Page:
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Navagraha, a Raja Ravi Varma painting (sun at the center)

Navagraha are nine heavenly bodies and deities that influence human life on Earth according to Hinduism and Hindu astrology.[1] The term is derived from nava (Sanskrit: नव "nine") and graha (Sanskrit: ग्रह "planet, seizing, laying hold of, holding"). Note that the Earth, Uranus, Neptune and Pluto are excluded from the Navagraha,[2]. However, the Sun and Moon are part of the Navagraha.

In astrology, the term planet originally applied only to the five planets visible to the naked eye and excluded Earth. The term was later broadened, particularly in the Middle Ages, to include the sun and the moon (sometimes referred to as "lights"), making a total of seven planets. The seven days of the week in the Hindu calendar also correspond with the seven classical planets, and are named accordingly in most languages of the Indian subcontinent. Most Hindu temples around the world have a designated place dedicated to Navagraha worship.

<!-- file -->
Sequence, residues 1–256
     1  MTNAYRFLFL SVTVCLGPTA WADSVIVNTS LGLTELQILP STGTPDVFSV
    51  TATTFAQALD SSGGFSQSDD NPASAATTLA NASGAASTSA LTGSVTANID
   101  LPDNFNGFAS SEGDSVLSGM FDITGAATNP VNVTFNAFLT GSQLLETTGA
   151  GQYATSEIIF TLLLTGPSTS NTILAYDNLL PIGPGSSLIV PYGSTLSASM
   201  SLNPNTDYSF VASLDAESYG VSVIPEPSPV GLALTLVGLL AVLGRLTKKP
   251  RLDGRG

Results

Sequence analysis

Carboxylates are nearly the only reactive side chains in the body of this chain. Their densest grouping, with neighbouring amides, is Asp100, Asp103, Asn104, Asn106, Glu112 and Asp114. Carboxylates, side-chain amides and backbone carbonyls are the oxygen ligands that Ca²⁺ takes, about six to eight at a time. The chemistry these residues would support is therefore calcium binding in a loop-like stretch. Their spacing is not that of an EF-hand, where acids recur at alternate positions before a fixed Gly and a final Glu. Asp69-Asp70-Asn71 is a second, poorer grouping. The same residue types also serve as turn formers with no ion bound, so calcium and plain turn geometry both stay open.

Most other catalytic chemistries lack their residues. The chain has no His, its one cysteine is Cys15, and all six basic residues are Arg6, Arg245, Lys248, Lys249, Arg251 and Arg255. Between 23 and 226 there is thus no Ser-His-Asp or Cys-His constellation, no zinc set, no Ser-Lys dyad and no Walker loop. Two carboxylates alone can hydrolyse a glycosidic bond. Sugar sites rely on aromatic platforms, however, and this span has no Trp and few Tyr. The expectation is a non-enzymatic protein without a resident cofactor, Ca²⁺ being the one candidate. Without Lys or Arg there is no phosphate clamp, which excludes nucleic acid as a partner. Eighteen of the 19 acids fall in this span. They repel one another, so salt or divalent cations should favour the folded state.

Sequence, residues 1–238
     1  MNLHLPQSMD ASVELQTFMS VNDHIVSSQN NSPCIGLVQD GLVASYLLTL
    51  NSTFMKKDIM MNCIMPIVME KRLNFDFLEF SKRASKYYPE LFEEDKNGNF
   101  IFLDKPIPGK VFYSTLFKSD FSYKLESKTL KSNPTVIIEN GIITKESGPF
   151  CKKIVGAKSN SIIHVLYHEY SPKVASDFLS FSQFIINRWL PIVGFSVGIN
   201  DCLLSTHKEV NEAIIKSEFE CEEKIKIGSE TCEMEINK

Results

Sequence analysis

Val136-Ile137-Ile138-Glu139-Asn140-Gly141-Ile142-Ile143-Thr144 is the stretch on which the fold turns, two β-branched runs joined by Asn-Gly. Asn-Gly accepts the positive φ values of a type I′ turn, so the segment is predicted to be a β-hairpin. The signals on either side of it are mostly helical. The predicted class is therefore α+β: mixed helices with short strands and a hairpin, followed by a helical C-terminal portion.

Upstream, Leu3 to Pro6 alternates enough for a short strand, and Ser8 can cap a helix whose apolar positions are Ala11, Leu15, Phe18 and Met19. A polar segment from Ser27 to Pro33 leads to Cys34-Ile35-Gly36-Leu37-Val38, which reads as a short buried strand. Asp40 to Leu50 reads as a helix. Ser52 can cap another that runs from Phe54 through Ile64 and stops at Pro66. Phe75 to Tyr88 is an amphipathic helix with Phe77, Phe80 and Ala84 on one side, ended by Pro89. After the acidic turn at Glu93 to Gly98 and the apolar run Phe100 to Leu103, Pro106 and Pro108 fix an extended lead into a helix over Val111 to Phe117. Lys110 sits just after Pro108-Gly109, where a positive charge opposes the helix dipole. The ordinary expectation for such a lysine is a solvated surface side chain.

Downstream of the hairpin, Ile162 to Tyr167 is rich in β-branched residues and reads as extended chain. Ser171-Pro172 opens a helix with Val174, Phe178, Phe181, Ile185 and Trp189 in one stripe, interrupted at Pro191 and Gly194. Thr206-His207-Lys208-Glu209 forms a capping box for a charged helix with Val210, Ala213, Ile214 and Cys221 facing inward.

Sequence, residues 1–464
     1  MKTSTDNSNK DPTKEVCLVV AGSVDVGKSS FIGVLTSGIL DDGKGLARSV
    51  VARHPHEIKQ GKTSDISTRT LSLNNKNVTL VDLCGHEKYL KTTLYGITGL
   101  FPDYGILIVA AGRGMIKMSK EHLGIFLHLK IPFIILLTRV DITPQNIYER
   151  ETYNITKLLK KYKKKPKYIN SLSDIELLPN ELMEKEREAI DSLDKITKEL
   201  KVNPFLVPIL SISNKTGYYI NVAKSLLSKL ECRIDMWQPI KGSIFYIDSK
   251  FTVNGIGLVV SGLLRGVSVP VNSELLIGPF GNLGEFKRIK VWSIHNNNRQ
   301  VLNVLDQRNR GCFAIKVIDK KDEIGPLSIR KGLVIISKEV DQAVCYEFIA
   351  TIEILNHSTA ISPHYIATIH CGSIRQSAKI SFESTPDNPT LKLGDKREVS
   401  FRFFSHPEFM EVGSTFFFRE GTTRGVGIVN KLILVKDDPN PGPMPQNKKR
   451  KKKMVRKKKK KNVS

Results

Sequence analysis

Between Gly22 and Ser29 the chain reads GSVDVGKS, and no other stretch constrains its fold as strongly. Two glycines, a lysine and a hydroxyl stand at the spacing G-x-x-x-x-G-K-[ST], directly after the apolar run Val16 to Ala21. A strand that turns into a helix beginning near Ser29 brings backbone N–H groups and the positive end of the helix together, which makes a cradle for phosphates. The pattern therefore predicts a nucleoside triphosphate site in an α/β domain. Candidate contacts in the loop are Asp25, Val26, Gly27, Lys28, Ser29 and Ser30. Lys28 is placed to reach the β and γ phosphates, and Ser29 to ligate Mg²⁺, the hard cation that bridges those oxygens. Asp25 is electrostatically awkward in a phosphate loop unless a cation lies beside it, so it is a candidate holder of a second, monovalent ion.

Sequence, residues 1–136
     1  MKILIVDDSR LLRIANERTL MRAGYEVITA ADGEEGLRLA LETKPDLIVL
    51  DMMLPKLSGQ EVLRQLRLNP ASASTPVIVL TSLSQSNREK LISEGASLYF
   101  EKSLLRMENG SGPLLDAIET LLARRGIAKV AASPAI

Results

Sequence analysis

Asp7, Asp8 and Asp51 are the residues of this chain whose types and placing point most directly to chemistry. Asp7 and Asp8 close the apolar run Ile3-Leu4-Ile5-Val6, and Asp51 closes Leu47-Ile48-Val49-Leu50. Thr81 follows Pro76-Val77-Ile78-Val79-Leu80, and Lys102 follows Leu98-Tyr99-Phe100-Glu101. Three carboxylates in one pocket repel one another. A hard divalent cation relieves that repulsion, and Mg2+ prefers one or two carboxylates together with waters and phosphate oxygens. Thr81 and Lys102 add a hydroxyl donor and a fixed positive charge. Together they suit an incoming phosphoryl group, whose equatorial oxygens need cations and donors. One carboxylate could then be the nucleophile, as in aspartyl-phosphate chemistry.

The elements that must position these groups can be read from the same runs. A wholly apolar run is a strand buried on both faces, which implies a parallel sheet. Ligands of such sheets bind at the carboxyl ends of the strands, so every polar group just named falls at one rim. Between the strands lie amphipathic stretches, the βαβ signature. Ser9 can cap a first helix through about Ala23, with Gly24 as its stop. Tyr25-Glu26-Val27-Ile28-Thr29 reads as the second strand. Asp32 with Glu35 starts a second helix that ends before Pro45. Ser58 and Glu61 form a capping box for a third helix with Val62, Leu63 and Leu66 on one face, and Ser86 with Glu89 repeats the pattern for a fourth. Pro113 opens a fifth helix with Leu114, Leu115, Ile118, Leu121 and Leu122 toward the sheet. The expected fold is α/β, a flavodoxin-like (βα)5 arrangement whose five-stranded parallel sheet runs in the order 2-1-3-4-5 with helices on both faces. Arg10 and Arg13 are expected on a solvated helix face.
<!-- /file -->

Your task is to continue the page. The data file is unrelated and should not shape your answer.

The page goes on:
Planets, celestial bodies and lunar nodes[edit]

No. Image Name Western equivalent Day
1. Surya graha.JPG Surya, Aditya Sun Sunday
2. Chandra graha.JPG Chandra, Soma Moon Monday
3. Angraka graha.JPG Mangala Mars Tuesday
4. Budha graha.JPG Budha Mercury Wednesday
5. Brihaspati graha.JPG Bṛhaspati, Guru Jupiter Thursday
6. Shukra graha.JPG Shukra Venus Friday
7. Shani graha.JPG Shani Saturn Saturday
8. Rahu graha.JPG Rahu Ascending node of the Moon
9. Ketu graha.JPG Ketu Descending node of the Moon

Carnatic music[edit]

Muthuswami Dikshitar, a Carnatic music composer from southern India composed the Navagraha Kritis in praise of the nine grahas.[3] Each song is a prayer to one of the nine planets. The sahitya (lyrics) of the songs reflect a profound knowledge of the mantra and jyotisha sastras.

See also[edit]


  1. ^ a b Roshen Dalal (2010). Hinduism: An Alphabetical Guide. Penguin Books. p. 280. ISBN 978-0-14-341421-6.
  2. ^ Sanskrit-English Dictionary by Monier-Williams, 1899
  3. ^ "Dikshitar: Navagraha". Retrieved 2020-06-12.